Dad's trip to Intermarché in Bédarieux the other day was no exception. A casual mention to the checkout girl that it would be nice if they stocked tins of Ambrosia Creamed Rice led to his being whisked upstairs for a meeting with The Buyer, an enthusiastic individual with commendable aspirations to retail excellence.

The Buyer was excited to have captured a real live Brit, and pressed my dad into spilling the culinary secrets of his homeland. Did the British really want to buy Mars drinks, blueberry muffin mix and cans of Dr Pepper, as his supplier would have him believe? The amount of sugary muck that the store was having to throw away had led him to suspect otherwise.

Eventually, my dad agreed to take away the supplier's catalogue and return with a list of grade A, sure-fire exemplars of British cuisine that could not possibly fail to fly off the shelves.

Which is how Nibus, the lovely L, my dad, the stunning J and I found ourselves last night hunched over the supplier catalogue engaged in heated debate about the relative merits and saleability of a cavalcade of tinned and processed goods.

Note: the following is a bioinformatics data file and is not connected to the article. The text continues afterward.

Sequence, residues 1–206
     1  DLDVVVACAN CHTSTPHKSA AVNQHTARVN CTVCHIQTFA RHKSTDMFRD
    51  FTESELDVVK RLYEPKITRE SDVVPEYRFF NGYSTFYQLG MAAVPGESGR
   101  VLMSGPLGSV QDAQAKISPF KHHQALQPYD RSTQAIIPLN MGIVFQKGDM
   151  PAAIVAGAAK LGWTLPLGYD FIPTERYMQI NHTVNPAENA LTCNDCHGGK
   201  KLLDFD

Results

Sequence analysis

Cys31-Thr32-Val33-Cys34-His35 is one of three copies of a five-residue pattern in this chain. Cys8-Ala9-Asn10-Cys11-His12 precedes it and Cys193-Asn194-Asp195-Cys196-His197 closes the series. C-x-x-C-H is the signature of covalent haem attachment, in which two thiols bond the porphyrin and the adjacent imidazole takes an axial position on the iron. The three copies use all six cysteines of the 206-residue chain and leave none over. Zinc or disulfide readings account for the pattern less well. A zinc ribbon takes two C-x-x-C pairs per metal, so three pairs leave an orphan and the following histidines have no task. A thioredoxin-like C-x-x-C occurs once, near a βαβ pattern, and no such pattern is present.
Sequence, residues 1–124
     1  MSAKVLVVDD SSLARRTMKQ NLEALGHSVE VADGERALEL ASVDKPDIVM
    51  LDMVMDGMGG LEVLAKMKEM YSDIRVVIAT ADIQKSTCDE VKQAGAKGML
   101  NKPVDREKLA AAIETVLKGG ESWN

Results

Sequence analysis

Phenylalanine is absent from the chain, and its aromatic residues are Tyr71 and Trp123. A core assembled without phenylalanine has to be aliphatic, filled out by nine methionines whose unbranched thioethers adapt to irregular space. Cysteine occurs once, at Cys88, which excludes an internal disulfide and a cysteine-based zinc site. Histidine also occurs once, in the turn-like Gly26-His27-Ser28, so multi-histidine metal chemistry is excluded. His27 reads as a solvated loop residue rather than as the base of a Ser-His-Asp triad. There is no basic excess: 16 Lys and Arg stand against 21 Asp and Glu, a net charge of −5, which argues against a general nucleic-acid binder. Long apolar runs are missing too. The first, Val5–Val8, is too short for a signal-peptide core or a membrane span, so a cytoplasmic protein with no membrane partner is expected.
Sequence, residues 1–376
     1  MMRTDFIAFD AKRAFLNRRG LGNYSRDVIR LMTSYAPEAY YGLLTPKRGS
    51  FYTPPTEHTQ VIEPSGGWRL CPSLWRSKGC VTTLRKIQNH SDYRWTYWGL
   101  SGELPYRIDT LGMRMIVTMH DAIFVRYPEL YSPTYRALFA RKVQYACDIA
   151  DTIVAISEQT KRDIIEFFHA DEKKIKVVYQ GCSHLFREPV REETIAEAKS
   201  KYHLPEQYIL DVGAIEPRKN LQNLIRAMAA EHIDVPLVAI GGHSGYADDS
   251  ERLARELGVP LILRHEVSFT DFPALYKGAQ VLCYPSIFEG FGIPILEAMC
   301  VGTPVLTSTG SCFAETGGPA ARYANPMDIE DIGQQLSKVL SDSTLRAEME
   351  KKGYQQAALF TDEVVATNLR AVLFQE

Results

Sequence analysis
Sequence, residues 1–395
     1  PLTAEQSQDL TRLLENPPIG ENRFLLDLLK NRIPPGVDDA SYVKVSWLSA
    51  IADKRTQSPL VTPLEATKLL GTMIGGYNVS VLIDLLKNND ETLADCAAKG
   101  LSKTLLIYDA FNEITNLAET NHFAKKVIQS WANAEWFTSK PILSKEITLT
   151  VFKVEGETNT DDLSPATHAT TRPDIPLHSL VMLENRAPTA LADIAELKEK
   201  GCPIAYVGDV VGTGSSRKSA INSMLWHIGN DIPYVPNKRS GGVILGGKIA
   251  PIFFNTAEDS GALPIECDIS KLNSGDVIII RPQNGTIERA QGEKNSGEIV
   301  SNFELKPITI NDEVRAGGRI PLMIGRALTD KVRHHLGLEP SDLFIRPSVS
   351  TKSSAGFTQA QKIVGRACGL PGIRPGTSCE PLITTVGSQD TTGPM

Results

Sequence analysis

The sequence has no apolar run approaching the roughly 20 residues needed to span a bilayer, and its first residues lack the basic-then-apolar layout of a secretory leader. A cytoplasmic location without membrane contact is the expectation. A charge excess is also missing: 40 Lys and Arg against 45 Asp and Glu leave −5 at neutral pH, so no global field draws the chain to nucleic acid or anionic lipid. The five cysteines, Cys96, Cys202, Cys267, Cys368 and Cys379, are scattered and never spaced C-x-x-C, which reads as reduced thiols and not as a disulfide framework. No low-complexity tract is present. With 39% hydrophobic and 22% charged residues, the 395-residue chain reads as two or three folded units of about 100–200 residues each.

No category of foodstuff emerged as being more contentious than that of the chocolate biscuit. The room was divided over whether the milk chocolate Digestive or the milk chocolate Hobnob was the surer path to expat retail nirvana. Eloquent, passionate, statistical and probabilistic arguments were presented for each. At one point I attempted to clear the impasse by texting Britain's foremost snack food expert for a second opinion, but no reply was forthcoming.

With The Biscuit Question still unresolved, we eventually produced a list of five products so loaded with nostalgia, Sehnsucht, primordial cultural resonances and E numbers that no expatriate Briton could possibly resist their allure.

A commemorative case of Tate & Lyle Golden Syrup ('Out of the eater came forth meat, out of the strong came forth sweetness') to anyone who can guess all five correctly.